• 4. The Lithuanian Economy Economic Research Department, Swedbank No. 7 • 2011 10 04by 1.7 percentage points to 3.4%; to the US, by 1.3 expectations were barely affected by negative newspercentage points to 3.4%. Frances share in total – they declined by 2 percentage points in Augustexports declined from 6-7% to 3-4%. and by 1 point in September. Retail trade sector confidence declined a little, but still remainsThe EU market’s contribution to annual growth positive.reached 22.6 percentage points in the first half ofthis year (16.6% in 2010). Estonia contributed by far Annual change in retail trade, %, and confidence indicatorsthe most, as its contribution increased to 2.9% from 30-0.3% during 2010. Latvia’s contribution grew 20considerably as well. The CIS countries’ 10contribution to growth increased from 12.4% in 02010 to 15.8% in the first half of 2011. -10Russia, the largest trade partner, which imports -20about 16% of all Lithuanian exports, has been the -30main contributor to exports’ growth. Its contribution -40to annual export growth increased to 8.6 -50percentage points during the first half of this year -60(4.0% in 2005). 2008 2009 2010 2011 Retail trade conf idence indicator Consumer conf idence indicatorContribution of main trading partners to annual goods’ Retail tradeexport growth, pp Retail trade except of motor v ehicles and motorcy cles Retail sale of f ood, bev erages and tobacco 50% Other Source: Statistics Lithuania, Swedbank 41.2% 40% Other CIS 32.7% 7.3% 28.5% 30% Other EU Retail trade in August continued its strong growth. 7.1% 4.9% 9.9% 20% 8.1% Retail trade, except for motor vehicles, increased by 9.3% PL 10.1% - the highest pace in more than three years. 8.6% 10% 5.7% 7.5% DE Even consumption of food, beverages, and tobacco -26.6% 0% 4.2% increased by 1.8%, after stagnating during the first -4.2% RU -6.3% seven months of this year. -10% -7.8% EE -20% It is likely that this strong growth was a LV consequence of two important recent reforms -30% fighting the shadow economy – the introduction of Total -40% cashiers in food markets and restrictions on border 2008 2009 2010 6M 2011 crossings with a full tank of fuel (now limited to five Source: Statistics Lithuania, Swedbank entries per month). The plan to expand the reform and introduce cashiers in all the markets wouldIt is not likely that export growth rates will remain as further lower shadow economy and have a positivehigh as they are now. The pace of increase in pact on retail trade and GDP numbers.exports will probably be declining in the nearest Lithuanian economy is much better positioned tofuture due to weaker growth in the EU countries – meet global turmoil than it was in 2008. Butthe main destination for Lithuanian products. The memories of frequent defaults, high risk andindustrial confidence indicator dropped by 9 rampant uncertainty are still very fresh. Any news ofpercentage points in September, the lowest level upcoming economic slowdown is met withsince the end of 2010. The main reasons behind pessimism and fear. A renewed recession in eurothis rapid decline were lower orders and export area and U.S. would encourage Lithuanianexpectations. households to increase savings and cut spending;Household consumption picks up the whereas companies are likely to cautiously reassess their investment plans.baton, but the risk of confidence loss ishighThe slower growth of exports will have negative Nerijus Mačiulisconsequences for overall economic growth and the Vaiva Šečkutėforeign trade balance. For now, households seemto be willing and able to offset the negative impactof dwindling foreign demand. Household 4 (5)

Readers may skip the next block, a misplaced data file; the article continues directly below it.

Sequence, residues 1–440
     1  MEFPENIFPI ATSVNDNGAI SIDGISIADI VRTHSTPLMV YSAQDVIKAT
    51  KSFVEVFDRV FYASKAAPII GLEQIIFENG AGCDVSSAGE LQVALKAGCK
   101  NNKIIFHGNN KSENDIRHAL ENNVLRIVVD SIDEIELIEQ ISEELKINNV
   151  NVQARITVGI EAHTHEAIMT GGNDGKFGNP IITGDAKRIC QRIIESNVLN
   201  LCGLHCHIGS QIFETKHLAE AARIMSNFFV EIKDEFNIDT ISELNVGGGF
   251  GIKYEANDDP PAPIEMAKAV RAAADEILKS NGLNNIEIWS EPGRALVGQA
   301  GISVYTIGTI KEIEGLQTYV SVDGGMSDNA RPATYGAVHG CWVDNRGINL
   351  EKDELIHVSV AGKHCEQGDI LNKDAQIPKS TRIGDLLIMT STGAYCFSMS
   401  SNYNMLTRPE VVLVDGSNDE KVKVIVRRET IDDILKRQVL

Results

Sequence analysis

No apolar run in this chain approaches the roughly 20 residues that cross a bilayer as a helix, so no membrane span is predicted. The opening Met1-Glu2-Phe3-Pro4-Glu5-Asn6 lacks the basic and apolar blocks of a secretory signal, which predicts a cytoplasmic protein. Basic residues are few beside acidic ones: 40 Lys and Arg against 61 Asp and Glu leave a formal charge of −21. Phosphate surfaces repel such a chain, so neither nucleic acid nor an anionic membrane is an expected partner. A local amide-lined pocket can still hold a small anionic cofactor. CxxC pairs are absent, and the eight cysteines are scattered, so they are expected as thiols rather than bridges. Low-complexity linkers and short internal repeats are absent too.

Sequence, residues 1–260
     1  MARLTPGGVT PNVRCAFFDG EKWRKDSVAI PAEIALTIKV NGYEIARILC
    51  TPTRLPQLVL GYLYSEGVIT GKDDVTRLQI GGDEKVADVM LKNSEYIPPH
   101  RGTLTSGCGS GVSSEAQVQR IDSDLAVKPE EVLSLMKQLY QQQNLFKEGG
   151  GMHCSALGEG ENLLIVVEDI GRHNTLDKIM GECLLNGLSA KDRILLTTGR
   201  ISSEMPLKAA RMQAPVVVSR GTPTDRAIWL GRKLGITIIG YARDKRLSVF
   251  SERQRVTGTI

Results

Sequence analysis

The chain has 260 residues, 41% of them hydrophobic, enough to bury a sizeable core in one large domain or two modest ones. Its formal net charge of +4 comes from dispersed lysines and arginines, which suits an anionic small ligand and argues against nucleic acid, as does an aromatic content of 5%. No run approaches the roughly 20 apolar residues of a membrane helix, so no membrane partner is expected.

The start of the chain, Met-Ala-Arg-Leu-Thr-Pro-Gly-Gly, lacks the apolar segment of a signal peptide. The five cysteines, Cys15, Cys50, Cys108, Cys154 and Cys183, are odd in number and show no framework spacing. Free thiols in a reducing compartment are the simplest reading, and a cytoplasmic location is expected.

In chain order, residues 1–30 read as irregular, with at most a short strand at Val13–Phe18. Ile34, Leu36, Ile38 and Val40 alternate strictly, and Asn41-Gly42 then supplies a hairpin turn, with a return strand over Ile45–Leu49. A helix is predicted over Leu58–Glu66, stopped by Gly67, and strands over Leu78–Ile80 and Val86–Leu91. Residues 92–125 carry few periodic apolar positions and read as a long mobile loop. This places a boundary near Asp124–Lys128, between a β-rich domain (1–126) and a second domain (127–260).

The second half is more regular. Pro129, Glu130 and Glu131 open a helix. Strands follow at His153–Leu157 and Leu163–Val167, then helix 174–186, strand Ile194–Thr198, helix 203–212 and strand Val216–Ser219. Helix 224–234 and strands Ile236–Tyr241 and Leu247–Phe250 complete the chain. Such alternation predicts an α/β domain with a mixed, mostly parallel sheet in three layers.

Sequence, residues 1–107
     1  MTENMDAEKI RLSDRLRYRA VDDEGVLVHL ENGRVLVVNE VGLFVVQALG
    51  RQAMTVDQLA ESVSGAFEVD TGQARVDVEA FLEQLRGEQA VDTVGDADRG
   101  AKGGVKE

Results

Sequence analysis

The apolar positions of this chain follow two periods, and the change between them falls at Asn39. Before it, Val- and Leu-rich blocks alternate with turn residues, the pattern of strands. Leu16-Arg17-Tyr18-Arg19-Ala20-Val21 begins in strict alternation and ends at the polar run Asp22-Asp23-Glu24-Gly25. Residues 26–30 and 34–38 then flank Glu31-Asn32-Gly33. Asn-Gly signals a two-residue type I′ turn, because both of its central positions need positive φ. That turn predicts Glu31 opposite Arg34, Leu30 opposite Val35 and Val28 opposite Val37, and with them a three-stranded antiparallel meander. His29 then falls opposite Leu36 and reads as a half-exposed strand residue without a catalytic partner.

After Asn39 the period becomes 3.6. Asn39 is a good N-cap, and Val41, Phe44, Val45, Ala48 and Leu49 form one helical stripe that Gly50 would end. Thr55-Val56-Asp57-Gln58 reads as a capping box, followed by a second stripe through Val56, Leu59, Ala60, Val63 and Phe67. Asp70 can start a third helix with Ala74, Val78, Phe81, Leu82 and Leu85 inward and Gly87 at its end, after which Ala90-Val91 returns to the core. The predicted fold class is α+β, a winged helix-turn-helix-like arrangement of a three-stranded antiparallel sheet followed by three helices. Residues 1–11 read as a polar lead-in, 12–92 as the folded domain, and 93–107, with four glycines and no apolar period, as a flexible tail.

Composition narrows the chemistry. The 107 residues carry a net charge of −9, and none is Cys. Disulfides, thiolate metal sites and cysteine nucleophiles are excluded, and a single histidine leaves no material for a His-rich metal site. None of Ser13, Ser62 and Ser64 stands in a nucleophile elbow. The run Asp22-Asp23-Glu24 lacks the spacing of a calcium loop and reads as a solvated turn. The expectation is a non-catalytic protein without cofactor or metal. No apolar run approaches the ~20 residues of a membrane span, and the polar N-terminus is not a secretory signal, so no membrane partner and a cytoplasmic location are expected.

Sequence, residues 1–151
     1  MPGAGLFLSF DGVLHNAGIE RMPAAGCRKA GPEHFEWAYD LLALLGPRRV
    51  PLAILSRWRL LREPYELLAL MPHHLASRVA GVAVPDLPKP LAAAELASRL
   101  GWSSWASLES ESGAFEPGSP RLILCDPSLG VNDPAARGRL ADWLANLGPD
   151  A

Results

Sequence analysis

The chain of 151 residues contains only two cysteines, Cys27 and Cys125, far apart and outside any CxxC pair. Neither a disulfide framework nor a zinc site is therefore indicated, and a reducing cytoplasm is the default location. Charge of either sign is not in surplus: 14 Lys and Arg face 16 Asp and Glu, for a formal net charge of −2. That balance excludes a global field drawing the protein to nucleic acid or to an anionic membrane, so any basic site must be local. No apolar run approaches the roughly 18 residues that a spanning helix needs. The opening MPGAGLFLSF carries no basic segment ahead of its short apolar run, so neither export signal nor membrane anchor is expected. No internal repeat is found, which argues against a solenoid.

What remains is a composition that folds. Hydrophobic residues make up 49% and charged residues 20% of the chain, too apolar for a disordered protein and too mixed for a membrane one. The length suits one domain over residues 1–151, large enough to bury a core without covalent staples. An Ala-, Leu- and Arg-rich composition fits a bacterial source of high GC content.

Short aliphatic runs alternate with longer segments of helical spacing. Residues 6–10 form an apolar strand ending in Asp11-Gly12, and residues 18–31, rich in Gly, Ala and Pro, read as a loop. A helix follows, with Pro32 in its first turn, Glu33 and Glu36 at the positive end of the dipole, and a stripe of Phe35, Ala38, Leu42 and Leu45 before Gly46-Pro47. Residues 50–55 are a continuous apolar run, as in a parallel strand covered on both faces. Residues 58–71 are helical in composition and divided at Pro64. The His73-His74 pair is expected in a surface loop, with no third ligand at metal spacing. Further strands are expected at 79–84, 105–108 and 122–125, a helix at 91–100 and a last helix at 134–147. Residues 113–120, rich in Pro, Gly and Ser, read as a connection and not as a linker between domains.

• 5. The Lithuanian Economy Economic Research Department, Swedbank No. 7 • 2011 10 04SwedbankEconomic Research Department Swedbank’s monthly newsletter The Lithuanian Economy is published as a service to ourSE-105 34 Stockholm customers. We believe that we have used reliable sources and methods in the preparationPhone +46-8-5859 1028 of the analyses reported in this publication. However, we cannot guarantee the accuracy orek.sekr@swedbank.com completeness of the report and cannot be held responsible for any error or omission in thewww.swedbank.com underlying material or its use. Readers are encouraged to base any (investment) decisions on other material as well. Neither Swedbank nor its employees may be held responsible forLegally responsible publisher losses or damages, direct or indirect, owing to any errors or omissions in Swedbank’sCecilia Hermansson, +46-8-5859 7720. monthly newsletter The Lithuanian Economy.Nerijus Mačiulis, +370 5 2582237.Lina Vrubliauskienė +370 5 258 2275.Vaiva Šečkutė, +370 5 258 2156. 5 (5)